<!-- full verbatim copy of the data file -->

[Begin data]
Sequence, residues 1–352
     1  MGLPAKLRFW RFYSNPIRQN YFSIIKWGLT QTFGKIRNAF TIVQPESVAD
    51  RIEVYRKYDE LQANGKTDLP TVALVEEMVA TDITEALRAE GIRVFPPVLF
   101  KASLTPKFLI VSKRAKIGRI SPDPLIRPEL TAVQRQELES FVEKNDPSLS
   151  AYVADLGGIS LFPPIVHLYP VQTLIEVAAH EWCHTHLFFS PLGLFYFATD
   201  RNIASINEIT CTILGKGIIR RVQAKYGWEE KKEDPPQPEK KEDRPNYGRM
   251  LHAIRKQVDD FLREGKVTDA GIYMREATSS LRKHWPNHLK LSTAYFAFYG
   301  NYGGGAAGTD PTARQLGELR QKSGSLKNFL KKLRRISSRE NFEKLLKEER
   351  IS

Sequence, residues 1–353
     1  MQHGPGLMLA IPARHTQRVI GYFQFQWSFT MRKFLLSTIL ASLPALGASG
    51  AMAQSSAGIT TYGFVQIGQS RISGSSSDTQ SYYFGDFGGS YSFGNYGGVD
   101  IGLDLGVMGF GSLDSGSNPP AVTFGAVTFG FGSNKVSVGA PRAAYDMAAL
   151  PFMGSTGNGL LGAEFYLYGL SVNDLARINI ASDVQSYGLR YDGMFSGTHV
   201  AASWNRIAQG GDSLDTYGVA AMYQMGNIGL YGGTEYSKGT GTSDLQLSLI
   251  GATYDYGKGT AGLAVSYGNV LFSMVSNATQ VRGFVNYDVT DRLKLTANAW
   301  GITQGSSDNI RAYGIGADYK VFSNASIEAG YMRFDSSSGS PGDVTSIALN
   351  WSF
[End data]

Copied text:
Sequence, residues 1–352
     1  MGLPAKLRFW RFYSNPIRQN YFSIIKWGLT QTFGKIRNAF TIVQPESVAD
    51  RIEVYRKYDE LQANGKTDLP TVALVEEMVA TDITEALRAE GIRVFPPVLF
   101  KASLTPKFLI VSKRAKIGRI SPDPLIRPEL TAVQRQELES FVEKNDPSLS
   151  AYVADLGGIS LFPPIVHLYP VQTLIEVAAH EWCHTHLFFS PLGLFYFATD
   201  RNIASINEIT CTILGKGIIR RVQAKYGWEE KKEDPPQPEK KEDRPNYGRM
   251  LHAIRKQVDD FLREGKVTDA GIYMREATSS LRKHWPNHLK LSTAYFAFYG
   301  NYGGGAAGTD PTARQLGELR QKSGSLKNFL KKLRRISSRE NFEKLLKEER
   351  IS

Sequence, residues 1–353
     1  MQHGPGLMLA IPARHTQRVI GYFQFQWSFT MRKFLLSTIL ASLPALGASG
    51  AMAQSSAGIT TYGFVQIGQS RISGSSSDTQ SYYFGDFGGS YSFGNYGGVD
   101  IGLDLGVMGF GSLDSGSNPP AVTFGAVTFG FGSNKVSVGA PRAAYDMAAL
   151  PFMGSTGNGL LGAEFYLYGL SVNDLARINI ASDVQSYGLR YDGMFSGTHV
   201  AASWNRIAQG GDSLDTYGVA AMYQMGNIGL YGGTEYSKGT GTSDLQLSLI
   251  GATYDYGKGT AGLAVSYGNV LFSMVSNATQ VRGFVNYDVT DRLKLTANAW
   301  GITQGSSDNI RAYGIGADYK VFSNASIEAG YMRFDSSSGS PGDVTSIALN
   351  WSF